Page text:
Perhaps you've heard that roughly three-quarters of all mutual funds lose to the market over the long run. The question is why -- why do presumably smart and talented managers serve you worse than simply buying an index fund? Believe me, I've met plenty of fund managers, and the vast majority of these folks are talented and responsible and hardworking. They're not bad stock pickers.

The best explanation I've found comes from a recent study by professors Cohen, Polk, and Silli. Their study, "Best Ideas," provides pretty convincing evidence that the rules are stacked against smart fund managers. Their few very best ideas do perform well -- beating the market and their other picks by approximately 1% to 4% per quarter (which is significant). However, the very nature of a mutual fund requires managers to pick dozens -- perhaps hundreds -- of stocks.

Who can pick 100 good stocks? No one, really ... and having to load up a fund's portfolio with all these second-tier ideas seriously harms returns.

But what if ...
The knowledge that fund managers' best ideas tend to outperform might be profitable for us individual investors if we knew with certainty which stocks they most loved. One proxy for determining a fund's favorite ideas might be to look at its largest holdings. Take, for example, Fidelity Contrafund (FCNTX), one of the largest funds in the world:

Fidelity Contrafund
Top Holdings

% Net Assets





Fidelity Cash Central Fund


Berkshire Hathaway A (NYSE:BRK-A)


Wells Fargo (NYSE:WFC)




McDonald's (NYSE:MCD)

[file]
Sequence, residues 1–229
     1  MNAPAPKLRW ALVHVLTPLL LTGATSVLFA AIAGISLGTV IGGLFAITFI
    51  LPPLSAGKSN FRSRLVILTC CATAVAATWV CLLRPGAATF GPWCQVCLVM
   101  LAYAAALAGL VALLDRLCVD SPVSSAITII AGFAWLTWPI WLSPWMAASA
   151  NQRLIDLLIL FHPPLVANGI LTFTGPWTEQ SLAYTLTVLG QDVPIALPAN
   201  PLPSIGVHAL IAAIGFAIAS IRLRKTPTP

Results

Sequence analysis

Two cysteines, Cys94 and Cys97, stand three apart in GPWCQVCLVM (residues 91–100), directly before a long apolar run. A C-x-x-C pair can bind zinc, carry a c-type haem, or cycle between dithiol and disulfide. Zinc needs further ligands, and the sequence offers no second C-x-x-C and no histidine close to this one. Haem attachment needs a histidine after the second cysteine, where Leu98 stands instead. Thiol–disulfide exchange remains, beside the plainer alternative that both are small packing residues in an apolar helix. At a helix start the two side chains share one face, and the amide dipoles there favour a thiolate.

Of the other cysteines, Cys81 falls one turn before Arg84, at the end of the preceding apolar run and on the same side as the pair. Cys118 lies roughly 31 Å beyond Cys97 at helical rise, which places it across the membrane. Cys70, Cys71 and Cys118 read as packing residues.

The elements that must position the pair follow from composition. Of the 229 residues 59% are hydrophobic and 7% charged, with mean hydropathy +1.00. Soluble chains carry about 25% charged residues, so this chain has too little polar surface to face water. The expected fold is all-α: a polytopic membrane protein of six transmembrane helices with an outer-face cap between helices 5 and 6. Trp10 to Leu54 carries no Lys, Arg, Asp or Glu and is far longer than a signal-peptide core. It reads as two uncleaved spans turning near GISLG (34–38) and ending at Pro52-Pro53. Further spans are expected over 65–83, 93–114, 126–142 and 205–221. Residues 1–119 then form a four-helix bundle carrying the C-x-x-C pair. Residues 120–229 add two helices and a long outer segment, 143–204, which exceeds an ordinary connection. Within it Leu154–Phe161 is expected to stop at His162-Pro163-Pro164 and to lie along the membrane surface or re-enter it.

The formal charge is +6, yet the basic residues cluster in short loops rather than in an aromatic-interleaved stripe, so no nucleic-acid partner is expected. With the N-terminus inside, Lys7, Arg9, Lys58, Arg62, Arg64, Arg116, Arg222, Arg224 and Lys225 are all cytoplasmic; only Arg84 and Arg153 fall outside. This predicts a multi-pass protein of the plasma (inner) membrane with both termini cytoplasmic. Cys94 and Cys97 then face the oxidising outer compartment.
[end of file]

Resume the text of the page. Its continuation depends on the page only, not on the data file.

Gilead Sciences


Visa (NYSE:V)


J.P. Morgan Chase




Walt Disney (NYSE:DIS)


Procter & Gamble (NYSE:PG)


Johnson & Johnson (NYSE:JNJ)


Abbott Labs


Data from Morningstar; holdings as of Aug. 31, 2009.

Google is its largest holding, but is it really fund manager William Danoff's very best stock idea right now? We can't really know unless we bug his meeting rooms. Maybe it is, or maybe Google just grew to be the largest holding. Perhaps Danoff has another great idea now that he's just starting to accumulate shares of -- and he's selling off Google to do so.

There's lag time in reporting fund holdings, and who knows which company is on top now? You no doubt see the problem here -- we don't want to commit our hard-earned money to a guessing game.

So now you know the big reason for mutual fund mediocrity, and there's just no getting around it.

Unless ...
There's something of a silver lining in this study, however. If you're an experienced and competent investor, you can take comfort in the fact that you're not bound by the mutual fund rules. You don't have to buy dozens and dozens of companies; you can limit your investments to your very best ideas.

Our internal research at Motley Fool Stock Advisor backs up the conclusion of the "Best Ideas" study. Even better, however, is that you don't have to guess what its best ideas really are. Fool co-founders David and Tom Gardner have been offering up their five "Best Buys Now" each month since June 2006. Our internal tracking shows that these ideas, like the fund managers' best ideas, significantly outperformed the other stocks on our scorecard -- by a margin of 7 percentage points per pick. (The service as a whole is beating the S&P 500 by an average of 47 percentage points each.)

Interested in the five best ideas from Tom and David right now? For the next 30 days you can see them, along with all their recommendations, with a no-obligation free trial. Here's more information.

This article was originally published on Aug. 19, 2009. It has been updated.

Rex Moore drives on a parkway and parks on a driveway. He owns shares of Berkshire Hathaway, Johnson & Johnson, and Procter & Gamble. Walt Disney and Berkshire Hathaway are Motley Fool Stock Advisor recommendations. Walt Disney is a Motley Fool Inside Value pick. Johnson & Johnson and Procter & Gamble are Motley Fool Income Investor picks. The Fool owns shares of Procter & Gamble. The Fool has a disclosure policy.